The Global Fund for Women is a nonprofit grantmaking foundation whose mission is to advance human rights worldwide by investing in women-led organizations and women social entrepreneurs. They rely on an international network of women and men to help mobilize financial resources to support women’s contributions to justice, equality and peace.
What the Global Fund for Women Does
The Global Fund for Women (GFW) promotes women’s economic security, health, education and leadership through their grant making program and by education and outreach initiatives.
Did You Know:
- Women make up 70% of the world’s poorest of the poor, meaning those who subsist on less than a dollar a day;
- Nearly two-thirds of the world’s 875 million illiterate adults are women;
- Only 9% of Afghani girls continue from primary to secondary school.
- Women make up 51% of the population, but women hold only 14% of parliamentary seats worldwide.
GFW believes that in order to combat these and other statistics, it is necessary to invest in women, giving them the tools they need to elevate themselves out of illiteracy, poverty and ultimately inequality. GFW does this by using a unconventional model of philanthropy, known as social venture philanthropy because of its root in social entrepreneurism, to contribute millions of dollars each year to women entrepreneurs and women-led organizations. Kavita Ramdas, former President and CEO, takes the definition of “entrepreneur” back to its roots in the French language. By putting together “entre” and “prendre” you get an action verb that basically means “to do something.” Combine that with extended network of on the ground activists and you have a recipe for social change that will radiate outward to all sectors of society.
Stories of Success
Because they rely on a social venture model of philanthropy, measuring results quantitatively can be difficult, however, GFW still boasts an enormous number of successes among their grantees.
Femme De Demain (FDD) is a women’s empowerment organization located in Togo, a small country in west Africa. Their initiatives are specifically designed to capture the entrepreneurial spirit of women and to train them in skills necessary for their success. FDD works with women and girls working as street vendors in the informal sector of the economy. Many cannot read or do basic math, so they are subject to fake taxes when they take their goods to market. FDD enrolls these women in school where they learn basic literacy, pricing and accounting skills. To help women weather particularly challenging economic times, FDD teaches other ways they can earn a living.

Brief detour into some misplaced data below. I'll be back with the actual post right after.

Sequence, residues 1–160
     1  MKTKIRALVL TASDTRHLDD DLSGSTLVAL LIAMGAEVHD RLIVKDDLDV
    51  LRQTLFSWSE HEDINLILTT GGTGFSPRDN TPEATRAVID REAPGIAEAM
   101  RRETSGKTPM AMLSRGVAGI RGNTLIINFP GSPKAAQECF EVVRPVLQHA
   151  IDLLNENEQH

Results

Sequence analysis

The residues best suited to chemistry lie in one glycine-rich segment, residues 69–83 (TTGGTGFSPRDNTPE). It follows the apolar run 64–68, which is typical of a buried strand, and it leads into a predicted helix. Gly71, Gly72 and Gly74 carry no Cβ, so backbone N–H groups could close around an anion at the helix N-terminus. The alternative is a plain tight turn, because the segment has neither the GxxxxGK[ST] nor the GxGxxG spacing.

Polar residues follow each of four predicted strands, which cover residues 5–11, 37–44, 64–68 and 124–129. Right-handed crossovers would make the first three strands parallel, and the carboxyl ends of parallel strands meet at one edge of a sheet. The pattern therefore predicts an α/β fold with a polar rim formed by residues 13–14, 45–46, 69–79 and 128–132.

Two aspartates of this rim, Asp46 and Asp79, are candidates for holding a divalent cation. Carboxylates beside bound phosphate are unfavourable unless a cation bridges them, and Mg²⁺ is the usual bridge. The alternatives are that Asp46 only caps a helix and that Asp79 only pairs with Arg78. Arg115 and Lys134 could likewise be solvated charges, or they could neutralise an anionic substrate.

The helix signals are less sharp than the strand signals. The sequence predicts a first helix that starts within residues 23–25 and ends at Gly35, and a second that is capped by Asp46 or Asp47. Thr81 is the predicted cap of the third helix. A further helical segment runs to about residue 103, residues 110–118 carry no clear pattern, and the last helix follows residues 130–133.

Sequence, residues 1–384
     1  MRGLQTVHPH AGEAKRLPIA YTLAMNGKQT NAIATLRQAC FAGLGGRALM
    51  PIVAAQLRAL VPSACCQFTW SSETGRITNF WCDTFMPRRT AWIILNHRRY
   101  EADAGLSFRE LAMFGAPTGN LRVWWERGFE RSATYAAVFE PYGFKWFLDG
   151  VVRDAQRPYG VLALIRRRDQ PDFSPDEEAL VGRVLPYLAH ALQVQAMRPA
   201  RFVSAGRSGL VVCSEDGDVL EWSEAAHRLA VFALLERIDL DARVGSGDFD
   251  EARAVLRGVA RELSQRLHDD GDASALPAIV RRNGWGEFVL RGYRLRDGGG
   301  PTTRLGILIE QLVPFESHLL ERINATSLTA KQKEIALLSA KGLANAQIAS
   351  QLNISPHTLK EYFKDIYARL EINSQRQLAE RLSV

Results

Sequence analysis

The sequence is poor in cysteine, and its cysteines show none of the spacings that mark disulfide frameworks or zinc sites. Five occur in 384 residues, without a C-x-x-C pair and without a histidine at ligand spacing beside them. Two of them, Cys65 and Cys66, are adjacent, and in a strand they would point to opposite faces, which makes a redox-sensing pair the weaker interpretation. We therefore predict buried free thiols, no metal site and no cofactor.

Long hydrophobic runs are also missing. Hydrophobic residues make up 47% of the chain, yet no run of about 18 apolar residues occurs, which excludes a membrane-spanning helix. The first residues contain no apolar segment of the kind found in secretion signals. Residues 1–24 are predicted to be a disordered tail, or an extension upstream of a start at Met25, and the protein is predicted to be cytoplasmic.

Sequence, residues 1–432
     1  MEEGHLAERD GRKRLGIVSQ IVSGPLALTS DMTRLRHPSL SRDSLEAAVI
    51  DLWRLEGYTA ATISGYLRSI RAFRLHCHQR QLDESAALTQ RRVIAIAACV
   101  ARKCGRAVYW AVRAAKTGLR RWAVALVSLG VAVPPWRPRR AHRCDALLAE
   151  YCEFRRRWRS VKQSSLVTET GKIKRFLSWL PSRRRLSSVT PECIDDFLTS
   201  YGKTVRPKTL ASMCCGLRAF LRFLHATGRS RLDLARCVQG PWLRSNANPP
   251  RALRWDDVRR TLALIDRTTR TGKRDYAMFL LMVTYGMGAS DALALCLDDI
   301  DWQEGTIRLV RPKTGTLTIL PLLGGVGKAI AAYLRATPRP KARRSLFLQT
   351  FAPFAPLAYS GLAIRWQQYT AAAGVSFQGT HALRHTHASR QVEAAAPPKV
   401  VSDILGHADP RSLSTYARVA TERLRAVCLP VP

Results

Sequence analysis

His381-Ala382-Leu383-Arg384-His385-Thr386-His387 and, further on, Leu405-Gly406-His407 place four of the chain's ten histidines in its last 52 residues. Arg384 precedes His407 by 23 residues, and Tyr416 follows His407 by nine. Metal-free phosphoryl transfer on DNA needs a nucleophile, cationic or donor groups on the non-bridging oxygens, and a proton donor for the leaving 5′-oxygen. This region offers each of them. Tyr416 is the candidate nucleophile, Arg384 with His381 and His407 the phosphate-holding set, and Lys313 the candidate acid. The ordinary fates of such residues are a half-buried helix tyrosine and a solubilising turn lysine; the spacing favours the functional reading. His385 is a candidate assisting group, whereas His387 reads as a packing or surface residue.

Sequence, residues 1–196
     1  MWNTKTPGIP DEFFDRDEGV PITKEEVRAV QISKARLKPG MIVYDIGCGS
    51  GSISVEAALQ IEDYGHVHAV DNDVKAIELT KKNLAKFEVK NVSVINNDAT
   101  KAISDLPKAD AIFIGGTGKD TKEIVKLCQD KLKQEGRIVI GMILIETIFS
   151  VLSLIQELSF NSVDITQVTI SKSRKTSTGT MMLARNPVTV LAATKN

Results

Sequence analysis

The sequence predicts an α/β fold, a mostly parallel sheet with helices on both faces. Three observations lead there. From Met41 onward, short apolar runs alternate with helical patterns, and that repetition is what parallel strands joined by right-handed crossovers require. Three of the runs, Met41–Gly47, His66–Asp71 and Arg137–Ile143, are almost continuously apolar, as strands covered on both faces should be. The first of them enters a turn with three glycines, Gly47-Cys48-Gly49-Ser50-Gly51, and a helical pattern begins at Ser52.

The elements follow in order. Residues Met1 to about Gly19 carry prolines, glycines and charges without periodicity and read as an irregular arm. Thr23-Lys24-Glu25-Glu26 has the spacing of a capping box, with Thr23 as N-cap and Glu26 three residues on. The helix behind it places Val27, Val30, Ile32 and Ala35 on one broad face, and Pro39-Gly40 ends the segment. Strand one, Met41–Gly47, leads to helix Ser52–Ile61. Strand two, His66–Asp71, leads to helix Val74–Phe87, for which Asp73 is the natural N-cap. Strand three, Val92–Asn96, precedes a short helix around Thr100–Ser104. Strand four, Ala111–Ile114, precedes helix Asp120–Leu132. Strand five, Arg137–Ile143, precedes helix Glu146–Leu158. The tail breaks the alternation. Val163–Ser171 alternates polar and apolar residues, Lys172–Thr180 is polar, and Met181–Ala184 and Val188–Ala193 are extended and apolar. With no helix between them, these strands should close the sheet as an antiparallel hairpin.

Ntulume Village Women’s Development Association (NVIWODA) is a women’s economic development association located in the Ntulme Village in Uganda. NVIWODA provides vocational skills training to help women learn a craft and basic business principles to generate an income from that craft. They then help start women off by supporting them with micro-loans. With the help of grants by GFW, NVIWODA have been able to expand beyond the borders of their village to reach women from 27 other community groups. They have even expanded into the realm of social media. You can find them on Facebook, or check out their blog.
How You Can Help
The Global Fund for Women was founded in 1987 by three women who were distressed by the lack of funding available to women’s activists. As a solution to the problem, they created a foundation dedicated entirely to funding women’s activism and women’s social entrepreneurs across the globe. In their first year, GFW gave 8 grants totaling $34,000. In 2010, that number rose to 655 grants totaling over $8.5 million. Since their inception, they have given over $71 million to 3,800 women’s organizations in 167 countries.
The Global Fund for Women is a public foundation, which means every dollar they give is a dollar they earned through fundraising. The easiest way to help is by contributing. You can also join a campaign to raise awareness of the issues, or host a house party among your friends. GFW also has a Shop Your Value program where a few select vendors have pledged to make a contribution each time you purchase one of their products.